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News Releases


WHOI Names New Director of Development

A 1975 graduate of the Woods Hole Oceanographic Institution/Massachusetts Institute of Technology Joint Program in Oceanography will be returning to Woods Hole soon in a new capacity. Dr. Daniel H. Stuermer, a chemical oceanographer who has spent much of his career as a research scientist and in corporate management, will assume the duties of WHOI Director of Development October 1.

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Nation’s First Deep-Sea Research Submersible Keeps Going and Going…

The nationA?s first human-occupied deep-sea research submersible, the three-person Alvin, turns 35 on June 5, but the tiny sub keeps on going and going. Making between 175 and 200 dives each year to depths up to 4,500 meters (14,764 feet), the sub set yet another record when it passed Dive #3,400 in late May. Alvin and its support vessel, the 274-foot Research Vessel Atlantis, are at work in the eastern Pacific and will spend the summer diving to the ocean floor off the coast of Washington and Oregon. The ship and sub, part of the U.S. National Deep Submergence Facility operated by WHOI, left their home port at Woods Hole, MA, June 2, 1997 and are not scheduled to return to Woods Hole until October 2000.

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Active 14,000 Foot Submarine Volcano Found near Samoa in South Pacific

An active volcano rising more than 4,300 meters (over 14,100 feet) from the ocean floor in the Samoa Islands has been discovered by a team of U.S. scientists, providing more evidence to the scientific debate over the formation of hot spot island chains. The volcano, more than 35 kilometers (about 22 miles) across at its base, rises to within 600 meters (about 2,000 feet) of the surface; its peak is marked by a circular caldera some two kilometers (over 1 mile) across and 400 meters (1,300 feet) deep. It is similar in size to Mt. Whitney in California, the largest mountain in the contiguous 48 U.S. states.

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Giant Sulfur Bacteria Discovered off African Coast

The largest bacterium ever found, a harmless organism that grows as a string of white beads large enough to be visible to the naked eye, has been found in coastal sediments off the coast of Namibia by an international research team. In an article in today’s issue of the journal Science, researchers from the Max Planck Institute for Marine Microbiology in Germany, the University of Barcelona in Spain, and the Woods Hole Oceanographic Institution in Massachusetts suggest the new genus and species be named Thiomargarita namibiensis(“sulphur pearl of Namibia”).

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Deputy Prime Minister of England to Visit WHOI April 23 to Discuss Deep-Sea Research, International Collaboration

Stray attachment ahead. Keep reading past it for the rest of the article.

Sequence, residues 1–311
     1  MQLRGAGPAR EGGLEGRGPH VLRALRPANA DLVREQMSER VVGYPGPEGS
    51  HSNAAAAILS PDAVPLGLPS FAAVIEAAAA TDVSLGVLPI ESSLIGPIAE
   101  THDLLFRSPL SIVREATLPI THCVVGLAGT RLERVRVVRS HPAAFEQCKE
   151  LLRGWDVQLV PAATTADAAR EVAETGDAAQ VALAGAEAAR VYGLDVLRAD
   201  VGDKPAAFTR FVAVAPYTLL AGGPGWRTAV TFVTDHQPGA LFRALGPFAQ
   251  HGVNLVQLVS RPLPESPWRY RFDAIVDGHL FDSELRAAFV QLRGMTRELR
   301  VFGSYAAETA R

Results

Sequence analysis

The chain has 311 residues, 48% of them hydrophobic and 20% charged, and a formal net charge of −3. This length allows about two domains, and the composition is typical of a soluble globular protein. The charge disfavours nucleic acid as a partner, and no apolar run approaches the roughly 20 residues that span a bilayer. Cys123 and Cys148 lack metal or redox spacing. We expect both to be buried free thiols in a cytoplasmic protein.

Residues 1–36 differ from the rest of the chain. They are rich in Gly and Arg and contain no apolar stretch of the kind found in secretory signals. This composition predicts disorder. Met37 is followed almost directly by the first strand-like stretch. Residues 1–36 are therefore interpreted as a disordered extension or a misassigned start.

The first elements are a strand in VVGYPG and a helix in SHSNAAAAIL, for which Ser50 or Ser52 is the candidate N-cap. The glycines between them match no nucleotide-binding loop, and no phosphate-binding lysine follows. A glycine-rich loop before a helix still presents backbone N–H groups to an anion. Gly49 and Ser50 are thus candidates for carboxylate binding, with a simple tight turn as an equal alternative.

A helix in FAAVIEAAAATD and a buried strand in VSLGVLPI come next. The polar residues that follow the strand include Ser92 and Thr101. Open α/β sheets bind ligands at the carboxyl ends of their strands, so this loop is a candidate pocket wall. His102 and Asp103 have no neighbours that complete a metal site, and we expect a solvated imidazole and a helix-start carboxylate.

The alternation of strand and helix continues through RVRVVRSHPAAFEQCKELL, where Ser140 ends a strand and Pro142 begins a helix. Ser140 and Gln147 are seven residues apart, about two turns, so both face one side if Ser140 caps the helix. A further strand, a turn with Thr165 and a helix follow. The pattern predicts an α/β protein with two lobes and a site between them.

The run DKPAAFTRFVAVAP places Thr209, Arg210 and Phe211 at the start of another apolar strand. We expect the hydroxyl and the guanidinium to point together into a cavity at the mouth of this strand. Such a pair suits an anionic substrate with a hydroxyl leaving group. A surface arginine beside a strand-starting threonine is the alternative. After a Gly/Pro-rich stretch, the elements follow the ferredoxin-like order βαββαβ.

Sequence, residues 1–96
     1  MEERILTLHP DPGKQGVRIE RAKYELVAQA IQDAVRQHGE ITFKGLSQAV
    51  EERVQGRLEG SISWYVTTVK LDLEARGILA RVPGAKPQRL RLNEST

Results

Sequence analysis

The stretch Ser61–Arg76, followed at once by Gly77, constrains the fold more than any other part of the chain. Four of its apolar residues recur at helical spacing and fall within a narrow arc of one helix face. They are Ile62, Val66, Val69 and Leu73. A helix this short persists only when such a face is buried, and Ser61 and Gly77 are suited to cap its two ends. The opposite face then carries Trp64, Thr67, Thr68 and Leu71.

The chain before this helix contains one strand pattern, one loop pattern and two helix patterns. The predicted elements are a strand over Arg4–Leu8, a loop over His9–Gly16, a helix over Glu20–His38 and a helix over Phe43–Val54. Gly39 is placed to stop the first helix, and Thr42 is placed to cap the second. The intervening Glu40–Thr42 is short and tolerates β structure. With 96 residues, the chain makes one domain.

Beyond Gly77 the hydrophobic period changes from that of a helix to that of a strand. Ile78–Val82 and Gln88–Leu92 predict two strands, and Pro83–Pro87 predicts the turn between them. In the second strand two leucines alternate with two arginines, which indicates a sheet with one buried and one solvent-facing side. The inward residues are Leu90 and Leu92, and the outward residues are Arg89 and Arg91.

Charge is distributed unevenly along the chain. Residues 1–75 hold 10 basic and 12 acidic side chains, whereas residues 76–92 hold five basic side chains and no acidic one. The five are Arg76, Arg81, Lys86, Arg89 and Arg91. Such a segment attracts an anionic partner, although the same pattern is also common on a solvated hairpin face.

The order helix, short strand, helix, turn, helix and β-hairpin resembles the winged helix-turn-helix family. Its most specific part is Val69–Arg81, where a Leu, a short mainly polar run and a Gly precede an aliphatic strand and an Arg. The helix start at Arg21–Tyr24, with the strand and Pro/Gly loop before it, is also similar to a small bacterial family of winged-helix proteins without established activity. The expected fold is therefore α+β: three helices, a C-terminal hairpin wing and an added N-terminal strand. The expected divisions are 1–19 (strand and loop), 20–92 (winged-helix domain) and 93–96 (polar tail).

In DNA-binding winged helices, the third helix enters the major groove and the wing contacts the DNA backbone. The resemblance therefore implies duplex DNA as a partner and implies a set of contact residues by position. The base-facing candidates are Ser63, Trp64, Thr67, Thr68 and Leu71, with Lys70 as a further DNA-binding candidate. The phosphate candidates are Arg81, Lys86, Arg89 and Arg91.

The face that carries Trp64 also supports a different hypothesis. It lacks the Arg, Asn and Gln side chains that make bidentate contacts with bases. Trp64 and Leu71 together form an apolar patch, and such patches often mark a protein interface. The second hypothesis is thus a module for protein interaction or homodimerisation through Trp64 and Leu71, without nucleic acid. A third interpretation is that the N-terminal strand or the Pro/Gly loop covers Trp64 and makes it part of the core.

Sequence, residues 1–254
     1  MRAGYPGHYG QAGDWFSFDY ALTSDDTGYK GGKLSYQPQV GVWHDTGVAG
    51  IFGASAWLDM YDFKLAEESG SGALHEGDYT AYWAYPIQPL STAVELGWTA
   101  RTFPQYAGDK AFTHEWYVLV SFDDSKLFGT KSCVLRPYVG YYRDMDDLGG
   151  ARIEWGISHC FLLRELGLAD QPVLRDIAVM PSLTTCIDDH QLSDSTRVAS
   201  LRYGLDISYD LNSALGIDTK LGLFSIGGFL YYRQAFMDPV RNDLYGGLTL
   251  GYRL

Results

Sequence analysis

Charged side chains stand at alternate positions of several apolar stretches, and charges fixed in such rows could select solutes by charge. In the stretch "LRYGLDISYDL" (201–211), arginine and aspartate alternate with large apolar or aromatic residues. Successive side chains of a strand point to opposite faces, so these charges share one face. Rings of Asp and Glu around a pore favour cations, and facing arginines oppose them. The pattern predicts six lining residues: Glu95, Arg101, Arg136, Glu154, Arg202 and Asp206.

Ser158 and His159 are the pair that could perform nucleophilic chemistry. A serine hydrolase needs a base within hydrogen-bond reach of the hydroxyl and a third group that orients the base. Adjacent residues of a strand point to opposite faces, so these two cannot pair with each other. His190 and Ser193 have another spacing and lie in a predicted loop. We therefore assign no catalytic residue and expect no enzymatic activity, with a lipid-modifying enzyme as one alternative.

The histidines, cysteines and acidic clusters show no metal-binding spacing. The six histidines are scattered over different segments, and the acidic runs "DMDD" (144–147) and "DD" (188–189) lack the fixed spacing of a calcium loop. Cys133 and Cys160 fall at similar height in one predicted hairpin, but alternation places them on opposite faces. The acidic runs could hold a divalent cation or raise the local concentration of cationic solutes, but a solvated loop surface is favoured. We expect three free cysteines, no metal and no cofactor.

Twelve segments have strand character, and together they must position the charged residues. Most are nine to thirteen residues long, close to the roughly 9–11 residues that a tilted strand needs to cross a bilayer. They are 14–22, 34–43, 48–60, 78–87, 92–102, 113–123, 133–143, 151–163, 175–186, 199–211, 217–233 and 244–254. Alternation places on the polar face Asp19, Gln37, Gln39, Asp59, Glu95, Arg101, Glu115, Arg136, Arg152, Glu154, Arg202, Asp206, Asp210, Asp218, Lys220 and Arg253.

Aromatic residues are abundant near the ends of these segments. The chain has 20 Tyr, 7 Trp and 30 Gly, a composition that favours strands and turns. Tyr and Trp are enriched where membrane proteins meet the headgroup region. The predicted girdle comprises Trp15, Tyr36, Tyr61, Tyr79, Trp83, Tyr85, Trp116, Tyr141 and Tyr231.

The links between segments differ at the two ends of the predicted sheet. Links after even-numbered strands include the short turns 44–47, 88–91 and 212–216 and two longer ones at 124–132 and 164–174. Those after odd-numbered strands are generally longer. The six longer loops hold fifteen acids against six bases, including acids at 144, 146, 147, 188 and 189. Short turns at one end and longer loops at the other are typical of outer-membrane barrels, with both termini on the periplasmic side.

John Prescott, Deputy Prime Minister of the United Kingdom and Secretary of State for the Department of Environment, Transport and the Regions, will visit Woods Hole Oceanographic Institution (WHOI) April 23 to discuss potential collaboration and to learn more about deep sea research. His visit will follow meetings earlier in the week with Vice President Al Gore and leaders of Congress in Washington, DC, and an Earth Day lecture on sustainable development at the United Nations in New York City.

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Marie Tharp Honored at Women Pioneers Seminar

Oceanographic cartographer Marie Tharp, co-creator of the first world ocean floor map and co-discoverer of the central rift valley that runs through the Mid-Atlantic Ridge, was honored by the Women’s Committee of the Woods Hole Oceanographic Institution (WHOI) March 30 with the 1999 Women Pioneers in Oceanography Award.

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New Model Suggests Northern Right Whale Population on Path to Extinction

The North Atlantic northern right whale, considered to be the most endangered large whale species, is headed for extinction unless human intervention improves survival, according to a new study by researchers at Woods Hole Oceanographic Institution (WHOI) and the University of Massachusetts, Boston (UMASS Boston). Their report, the first to obtain rigorous statistical estimates of survival probability of this population, was published today in the “Proceedings of the National Academy of Sciences.”

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Three WHOI Scientists Recognized with Endowed Positions

Three scientists have been recognized by the Woods Hole Oceanographic Institution (WHOI) for their contributions to ocean sciences research. Drs. Cheryl Ann Butman of the Applied Ocean Physics and Engineering Department, David A. Caron of the Biology Department and Brian E. Tucholke of the Geology and Geophysics Department have each been named the recipient of an endowed chair at the Institution. Each chair brings financial support for a period of five years, allowing the recipient the freedom to pursue a variety of career interests.

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